Those who have known me for a few years have keyed into this very important fact about me—I am a flippin’ klutz. I may not be the most accident prone person you have ever met, but I should rank in the top three. I have lost count of the concussions, x-rays, CAT scans, sprains, strains and plethora of other injuries to my person because there have been simply too many to remember. I was the girl who was in a walking cast for her first prom because she fell down a flight of stairs. I was also the girl who almost broke her wrist opening a door. Speaking of doors, have you ever opened a car door, and managed to clock yourself in the eye? I have. Twice.

As I’m in pain and unable to do much from my most recent graceless escapade, I decided that I should recount some of my most impressive ungainly feats.

I’ll start with my first concussion, which is only somewhat impressive as I was playing national league basketball with female giants from Dallas (they grow ‘em big out in Texas), who were supposedly in the 11-14 age bracket. The girl I was guarding shot, and I went in for the rebound before I remembered that my coach would chew me out for not blocking out. I backed up to block out, and somehow my feet ended up over my head. The next thing I knew, I had about five worried adults leaning over me, and the ambulance was on its way. But hey, I got the only standing ovation of my basketball career that night, even if it was as I was carried out by the paramedics.

Over the course of a few years, I banged my head on cabinets, refrigerators, car roofs, doorways, walls, and the ground without worrying too much because I learned from my first head injury that I have unnaturally strong bones. My neck and back would be sore for a few days, then I would be free to go about my business as usual. That was until the incident in the dressing room.

I was shopping for a swimsuit at the Pecanland Mall, and like every other body-conscious female, I was determined to find the most flattering one. I went all over the mall, so I don’t remember the exact store in which I executed the most monumental moment of klutziness of my life. I had what I believed was “THE ONE” in hand as I traipsed off to dressing room. I put it on, and found myself a little disappointed with the effect. I was impatiently taking off the bottom piece when I lost my balance, fell over to the side, banged my temple on the clothes hanger thingy, and lost consciousness for what I guess was a few seconds. I came to, head throbbing, dizzy and annoyed that the swimsuit responsible wasn’t even worth purchasing. Imagine my embarrassment when I had to explain what had happened to my mother, my doctor, my radiologist, my nurse and my friends when I missed the blasted pool party.

After marrying Brandon, my inner klutz went into hibernation for awhile. I thought I was safe, that maybe I had grown out of it. I was wrong. Dad had an operation awhile back at St. Francis Hospital, so Brandon and I went to visit him on a rainy day. Mom chose to walk out with us to the parking garage for some reason or other. Knowing that she liked the take the stairs when she could, I headed that way. I did not make even a full step before the condensation and the slick underside of my shoe did me in. My foot slipped out from under me, I flew halfway down the stairs, which would have been fun had I not landed on my (you guessed it) head. I managed not to succumb to the dark, painless bliss of unconsciousness, so I heard the shrill voice that shouted, “Oh my Gawd!” from several feet away. A nurse who was trying to head home couldn’t pass up the opportunity to care for one more patient. She called the EMTs despite my earnest pleas that I didn’t require medical assistance, that I have the hardest head in the universe and that I would be just fine. Anyone other than me would have sung her praises, given her a plaque, and offered to buy her dinner. I was just disgusted. And horribly embarrassed. No less than two EMTs greeted me with a wheelchair in which I was required to ride as I was wheeled back into the hospital, right into the ER. Naturally, the ER doctor stated his belief that I had a concussion, prescribed me some pain medication and recommended I take it easy for a few days. I didn’t tell him that I probably had pain medication left over from my last injury, and that I was well-aware of the recuperation procedures by now. When the hospital tried to bill me for this ER visit a few weeks later, I laughed, refused to pay it and hinted to hospital billing that they didn’t want to press the issue.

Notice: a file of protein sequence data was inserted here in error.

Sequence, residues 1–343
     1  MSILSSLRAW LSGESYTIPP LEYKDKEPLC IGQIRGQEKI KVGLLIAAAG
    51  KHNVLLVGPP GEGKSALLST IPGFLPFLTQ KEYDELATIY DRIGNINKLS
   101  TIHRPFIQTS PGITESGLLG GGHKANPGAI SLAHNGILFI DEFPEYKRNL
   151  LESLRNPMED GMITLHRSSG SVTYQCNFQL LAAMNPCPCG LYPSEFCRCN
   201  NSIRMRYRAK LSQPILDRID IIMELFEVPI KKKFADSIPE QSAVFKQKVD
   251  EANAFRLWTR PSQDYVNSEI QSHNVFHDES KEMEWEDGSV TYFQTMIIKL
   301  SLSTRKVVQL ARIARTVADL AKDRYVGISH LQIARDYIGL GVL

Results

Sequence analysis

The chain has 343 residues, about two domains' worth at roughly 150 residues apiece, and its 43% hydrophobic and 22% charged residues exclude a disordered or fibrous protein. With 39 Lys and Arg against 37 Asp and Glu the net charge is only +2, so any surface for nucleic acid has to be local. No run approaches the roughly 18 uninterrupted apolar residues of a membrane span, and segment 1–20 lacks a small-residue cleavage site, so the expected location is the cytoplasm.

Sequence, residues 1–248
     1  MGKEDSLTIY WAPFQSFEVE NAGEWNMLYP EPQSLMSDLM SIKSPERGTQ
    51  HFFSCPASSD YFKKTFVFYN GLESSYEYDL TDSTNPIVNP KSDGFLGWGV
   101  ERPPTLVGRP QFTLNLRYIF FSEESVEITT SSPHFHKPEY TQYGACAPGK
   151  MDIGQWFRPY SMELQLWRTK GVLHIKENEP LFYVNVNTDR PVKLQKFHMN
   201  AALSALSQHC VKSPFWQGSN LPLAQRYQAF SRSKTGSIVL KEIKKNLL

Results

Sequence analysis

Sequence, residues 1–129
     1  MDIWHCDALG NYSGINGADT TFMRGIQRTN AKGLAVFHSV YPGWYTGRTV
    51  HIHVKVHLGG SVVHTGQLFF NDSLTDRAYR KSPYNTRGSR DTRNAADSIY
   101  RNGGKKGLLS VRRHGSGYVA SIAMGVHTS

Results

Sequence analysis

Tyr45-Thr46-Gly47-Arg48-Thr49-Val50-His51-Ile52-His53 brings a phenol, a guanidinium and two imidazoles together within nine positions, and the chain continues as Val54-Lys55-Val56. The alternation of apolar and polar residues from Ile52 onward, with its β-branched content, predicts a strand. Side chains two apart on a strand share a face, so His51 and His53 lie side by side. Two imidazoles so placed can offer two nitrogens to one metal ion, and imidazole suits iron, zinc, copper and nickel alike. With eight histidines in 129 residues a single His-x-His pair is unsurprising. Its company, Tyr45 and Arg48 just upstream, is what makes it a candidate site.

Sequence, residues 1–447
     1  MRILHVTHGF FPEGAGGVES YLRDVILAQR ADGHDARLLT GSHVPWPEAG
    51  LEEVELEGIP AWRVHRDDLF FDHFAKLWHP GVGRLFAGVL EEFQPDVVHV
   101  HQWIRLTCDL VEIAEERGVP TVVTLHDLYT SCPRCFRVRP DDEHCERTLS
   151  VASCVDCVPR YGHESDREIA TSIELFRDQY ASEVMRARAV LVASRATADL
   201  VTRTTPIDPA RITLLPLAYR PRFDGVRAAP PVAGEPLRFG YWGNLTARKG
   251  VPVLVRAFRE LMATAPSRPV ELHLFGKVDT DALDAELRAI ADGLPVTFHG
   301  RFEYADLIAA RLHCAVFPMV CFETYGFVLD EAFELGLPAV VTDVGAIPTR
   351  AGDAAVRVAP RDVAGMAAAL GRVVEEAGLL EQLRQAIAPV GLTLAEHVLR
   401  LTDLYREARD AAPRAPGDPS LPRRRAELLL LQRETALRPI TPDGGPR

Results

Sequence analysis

While I could recount several other injury stories, I choose to close with my most recent one. Monday evening, I had the task of folding two weeks worth of clean laundry. The towels and washcloths had formed a mountain in the laundry basket, and several strays has tumbled over the side. I bent to pick up what I had fallen to the floor. Believing that I was clear of the cabinet overhead, I stood with a good bit of force, and found myself right back down on the floor. I swore. I couldn’t help it. Pain and surprise do that to me. I stood up, dizzy and seeing black spots dancing in my line of vision. I went back to folding clothes. A few minutes later, I was horribly nauseous, and I had quite the knot forming on the crown of my head. Yesterday, I awoke with pain from the top of my head to my lower back. Today, I am barely moving. So I had to explain myself to my husband, my mother and the parents of the piano students I was supposed to teach today, who are probably all thinking as I am, “WHO gets whiplash from a CABINET??” As if my humiliation was incomplete, my husband’s response to whole ordeal was this little condescending stinger--"While we’re baby-proofing the house, I need to goofy-proof it too.”